Until now, video players have been problematic for the blind and vision impaired. Interacting with the controls for video functions like ‘play’ and ‘pause’ requires the use of a mouse, but blind users generally use only a keyboard. Buttons on media players are also usually without text, so a screen reader is not able to read out their functions.
AFB’s HTML5-embedded Accessible Player rectifies this. All controls are labelled with text, so they will work with assistive technologies such as screen readers and braille displays, and they can all be operated with keyboard commands. Users will be able to change font sizes and utilise high-contrast colour schemes, and the player can be expanded to full-screen size.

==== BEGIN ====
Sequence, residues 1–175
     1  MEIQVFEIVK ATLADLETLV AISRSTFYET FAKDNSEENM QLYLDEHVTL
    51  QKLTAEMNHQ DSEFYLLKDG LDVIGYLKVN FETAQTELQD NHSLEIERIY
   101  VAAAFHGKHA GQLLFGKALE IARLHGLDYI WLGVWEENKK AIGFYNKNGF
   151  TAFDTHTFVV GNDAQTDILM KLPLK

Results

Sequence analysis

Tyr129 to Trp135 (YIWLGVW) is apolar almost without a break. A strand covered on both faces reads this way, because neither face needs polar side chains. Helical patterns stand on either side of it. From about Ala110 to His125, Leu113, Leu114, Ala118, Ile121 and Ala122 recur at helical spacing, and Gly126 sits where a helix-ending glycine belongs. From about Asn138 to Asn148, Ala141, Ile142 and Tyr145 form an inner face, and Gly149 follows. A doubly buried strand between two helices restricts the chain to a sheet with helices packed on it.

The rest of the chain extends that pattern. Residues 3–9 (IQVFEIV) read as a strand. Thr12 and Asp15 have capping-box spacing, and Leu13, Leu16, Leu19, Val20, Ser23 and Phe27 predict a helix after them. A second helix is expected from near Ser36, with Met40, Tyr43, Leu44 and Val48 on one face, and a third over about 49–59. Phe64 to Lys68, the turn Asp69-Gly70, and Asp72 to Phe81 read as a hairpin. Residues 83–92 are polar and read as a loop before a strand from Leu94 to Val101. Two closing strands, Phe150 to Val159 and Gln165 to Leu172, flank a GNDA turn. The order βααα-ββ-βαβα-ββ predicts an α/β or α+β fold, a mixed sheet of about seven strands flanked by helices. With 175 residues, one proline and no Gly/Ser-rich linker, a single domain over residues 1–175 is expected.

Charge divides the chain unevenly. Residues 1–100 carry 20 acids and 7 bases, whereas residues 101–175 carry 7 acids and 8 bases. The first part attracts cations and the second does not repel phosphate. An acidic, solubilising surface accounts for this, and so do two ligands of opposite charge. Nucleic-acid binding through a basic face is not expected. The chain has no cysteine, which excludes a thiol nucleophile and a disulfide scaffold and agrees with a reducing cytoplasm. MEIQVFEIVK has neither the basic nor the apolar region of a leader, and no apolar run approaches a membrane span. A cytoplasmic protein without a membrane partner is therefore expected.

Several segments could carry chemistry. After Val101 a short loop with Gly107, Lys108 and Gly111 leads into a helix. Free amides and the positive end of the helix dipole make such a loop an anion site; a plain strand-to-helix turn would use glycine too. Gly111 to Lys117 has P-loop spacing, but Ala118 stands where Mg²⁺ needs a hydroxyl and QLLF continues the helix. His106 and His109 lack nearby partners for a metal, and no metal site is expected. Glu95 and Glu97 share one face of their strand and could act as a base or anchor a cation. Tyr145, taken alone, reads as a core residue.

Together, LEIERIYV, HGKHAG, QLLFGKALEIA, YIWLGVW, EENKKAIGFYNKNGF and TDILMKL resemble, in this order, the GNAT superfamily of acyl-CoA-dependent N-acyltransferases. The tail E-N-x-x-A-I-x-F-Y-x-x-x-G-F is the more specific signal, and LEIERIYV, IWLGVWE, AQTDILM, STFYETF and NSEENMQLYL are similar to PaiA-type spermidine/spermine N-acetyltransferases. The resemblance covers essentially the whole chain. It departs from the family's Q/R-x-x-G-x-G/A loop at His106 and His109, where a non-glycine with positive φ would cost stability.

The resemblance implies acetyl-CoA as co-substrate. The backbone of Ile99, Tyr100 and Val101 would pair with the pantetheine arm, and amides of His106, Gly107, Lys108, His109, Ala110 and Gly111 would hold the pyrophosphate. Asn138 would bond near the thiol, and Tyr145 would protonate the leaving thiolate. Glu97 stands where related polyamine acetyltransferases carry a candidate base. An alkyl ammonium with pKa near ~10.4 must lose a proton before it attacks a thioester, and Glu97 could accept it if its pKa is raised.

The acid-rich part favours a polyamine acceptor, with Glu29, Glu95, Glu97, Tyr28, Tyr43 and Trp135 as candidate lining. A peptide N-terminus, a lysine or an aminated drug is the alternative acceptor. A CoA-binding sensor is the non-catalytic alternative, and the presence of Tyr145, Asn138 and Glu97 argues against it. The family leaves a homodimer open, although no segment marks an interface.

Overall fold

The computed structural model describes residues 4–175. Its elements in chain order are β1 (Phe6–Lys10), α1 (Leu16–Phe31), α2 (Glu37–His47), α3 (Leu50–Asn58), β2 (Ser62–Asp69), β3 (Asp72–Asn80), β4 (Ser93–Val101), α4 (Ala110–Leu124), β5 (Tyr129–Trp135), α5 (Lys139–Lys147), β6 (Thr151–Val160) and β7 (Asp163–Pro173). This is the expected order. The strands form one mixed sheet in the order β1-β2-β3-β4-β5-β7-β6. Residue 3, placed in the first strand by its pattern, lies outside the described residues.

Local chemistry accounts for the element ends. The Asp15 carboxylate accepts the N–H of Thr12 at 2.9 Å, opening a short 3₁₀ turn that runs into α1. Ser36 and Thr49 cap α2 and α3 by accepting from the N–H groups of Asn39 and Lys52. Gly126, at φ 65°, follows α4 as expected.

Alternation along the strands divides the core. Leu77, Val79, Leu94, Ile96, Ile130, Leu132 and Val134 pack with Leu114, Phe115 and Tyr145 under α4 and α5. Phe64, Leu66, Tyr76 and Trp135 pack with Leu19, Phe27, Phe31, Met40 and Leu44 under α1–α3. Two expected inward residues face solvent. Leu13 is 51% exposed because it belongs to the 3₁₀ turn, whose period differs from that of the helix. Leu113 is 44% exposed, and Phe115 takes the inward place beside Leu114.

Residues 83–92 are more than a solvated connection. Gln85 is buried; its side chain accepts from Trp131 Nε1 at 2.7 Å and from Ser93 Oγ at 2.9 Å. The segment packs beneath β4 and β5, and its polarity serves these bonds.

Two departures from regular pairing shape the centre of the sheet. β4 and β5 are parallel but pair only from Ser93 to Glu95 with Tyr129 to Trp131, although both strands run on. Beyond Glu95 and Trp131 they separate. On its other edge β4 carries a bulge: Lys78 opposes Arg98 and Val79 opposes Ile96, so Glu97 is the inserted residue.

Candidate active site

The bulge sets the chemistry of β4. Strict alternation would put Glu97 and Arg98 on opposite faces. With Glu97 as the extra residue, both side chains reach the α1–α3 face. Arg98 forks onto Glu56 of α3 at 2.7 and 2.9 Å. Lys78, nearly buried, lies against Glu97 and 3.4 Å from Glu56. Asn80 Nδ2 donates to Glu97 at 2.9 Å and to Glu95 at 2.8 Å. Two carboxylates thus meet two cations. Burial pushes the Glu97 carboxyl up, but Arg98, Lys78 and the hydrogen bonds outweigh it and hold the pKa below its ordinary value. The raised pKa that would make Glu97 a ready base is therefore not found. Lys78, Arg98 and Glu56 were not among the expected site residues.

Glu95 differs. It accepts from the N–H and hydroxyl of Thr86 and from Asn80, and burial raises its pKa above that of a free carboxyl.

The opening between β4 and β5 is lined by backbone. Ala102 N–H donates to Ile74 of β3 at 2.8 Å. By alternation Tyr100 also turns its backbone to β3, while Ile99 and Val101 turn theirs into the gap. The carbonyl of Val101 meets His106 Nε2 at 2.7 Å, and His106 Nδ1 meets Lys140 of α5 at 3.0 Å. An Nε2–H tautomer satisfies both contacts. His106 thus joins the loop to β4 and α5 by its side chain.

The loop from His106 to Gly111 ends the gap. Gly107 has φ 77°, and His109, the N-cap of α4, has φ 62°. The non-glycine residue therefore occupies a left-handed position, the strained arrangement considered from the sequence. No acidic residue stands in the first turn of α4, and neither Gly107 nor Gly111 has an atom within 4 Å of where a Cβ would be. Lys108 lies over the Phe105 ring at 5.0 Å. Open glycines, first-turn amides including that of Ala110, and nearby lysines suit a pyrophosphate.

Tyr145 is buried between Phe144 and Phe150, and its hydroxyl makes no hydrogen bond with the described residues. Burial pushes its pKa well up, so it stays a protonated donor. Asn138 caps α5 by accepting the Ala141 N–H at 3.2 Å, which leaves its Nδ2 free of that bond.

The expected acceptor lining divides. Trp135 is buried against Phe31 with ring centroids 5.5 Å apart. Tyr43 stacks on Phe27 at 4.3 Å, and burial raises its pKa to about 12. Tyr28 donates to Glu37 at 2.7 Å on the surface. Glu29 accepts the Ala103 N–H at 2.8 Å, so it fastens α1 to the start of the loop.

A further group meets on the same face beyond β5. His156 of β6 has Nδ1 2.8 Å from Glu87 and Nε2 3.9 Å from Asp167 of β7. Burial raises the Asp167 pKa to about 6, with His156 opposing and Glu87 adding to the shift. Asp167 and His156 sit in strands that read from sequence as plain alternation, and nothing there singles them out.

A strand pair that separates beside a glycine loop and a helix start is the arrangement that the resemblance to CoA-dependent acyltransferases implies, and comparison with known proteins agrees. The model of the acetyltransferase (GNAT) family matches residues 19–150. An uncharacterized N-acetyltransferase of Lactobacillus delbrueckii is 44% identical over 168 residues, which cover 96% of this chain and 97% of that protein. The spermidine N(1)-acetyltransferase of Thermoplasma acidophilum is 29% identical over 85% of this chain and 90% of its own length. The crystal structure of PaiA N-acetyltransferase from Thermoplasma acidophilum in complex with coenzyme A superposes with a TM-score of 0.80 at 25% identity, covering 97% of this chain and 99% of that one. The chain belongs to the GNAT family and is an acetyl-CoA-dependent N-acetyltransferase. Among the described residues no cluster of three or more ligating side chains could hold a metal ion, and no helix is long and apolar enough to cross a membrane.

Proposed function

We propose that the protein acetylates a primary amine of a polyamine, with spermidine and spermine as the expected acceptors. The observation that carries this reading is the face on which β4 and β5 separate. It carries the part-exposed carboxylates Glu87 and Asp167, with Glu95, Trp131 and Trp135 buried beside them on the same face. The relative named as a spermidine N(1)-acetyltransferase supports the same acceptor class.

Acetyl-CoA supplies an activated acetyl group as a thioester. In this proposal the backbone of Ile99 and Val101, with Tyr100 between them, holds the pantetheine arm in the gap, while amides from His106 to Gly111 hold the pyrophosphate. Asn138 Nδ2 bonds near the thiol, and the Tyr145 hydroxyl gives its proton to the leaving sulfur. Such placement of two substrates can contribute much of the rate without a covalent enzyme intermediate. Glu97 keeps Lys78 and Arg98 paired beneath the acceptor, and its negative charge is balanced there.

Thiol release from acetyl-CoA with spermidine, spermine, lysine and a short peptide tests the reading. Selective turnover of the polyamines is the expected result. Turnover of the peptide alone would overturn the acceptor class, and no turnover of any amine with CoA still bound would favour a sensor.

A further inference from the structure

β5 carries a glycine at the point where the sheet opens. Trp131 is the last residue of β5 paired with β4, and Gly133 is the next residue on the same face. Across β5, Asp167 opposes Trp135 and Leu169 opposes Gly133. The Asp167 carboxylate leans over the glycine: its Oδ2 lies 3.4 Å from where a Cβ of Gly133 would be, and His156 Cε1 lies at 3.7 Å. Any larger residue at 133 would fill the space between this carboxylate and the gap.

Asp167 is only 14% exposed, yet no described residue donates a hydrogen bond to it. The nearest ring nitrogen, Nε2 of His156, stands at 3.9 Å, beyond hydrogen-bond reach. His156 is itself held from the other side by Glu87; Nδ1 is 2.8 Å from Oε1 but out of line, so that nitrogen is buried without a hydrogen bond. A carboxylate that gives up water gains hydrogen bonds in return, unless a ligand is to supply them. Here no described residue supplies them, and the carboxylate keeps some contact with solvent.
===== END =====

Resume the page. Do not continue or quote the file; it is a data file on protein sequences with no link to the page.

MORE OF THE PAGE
"People with vision loss need equal access to online videos for school, work and entertainment,” said AFB’s director of Web Services. "This HTML5 player is unlike anything else currently available, and we feel this is a big leap forward for blind and visually impaired users."
For more information, see AFB’s media release about the Accessible Player.
You may also like:
- Our information on web accessibility
- Instructions on how to audio describe your YouTube videos
- The ADonTV website, covering the progress of getting audio description on Australian television
- Information on audio described movie technology, as well as how audio described movies are made
- DVD & Blu-ray accessibility, covering captions and audio description, as well as where to find audio described DVDs
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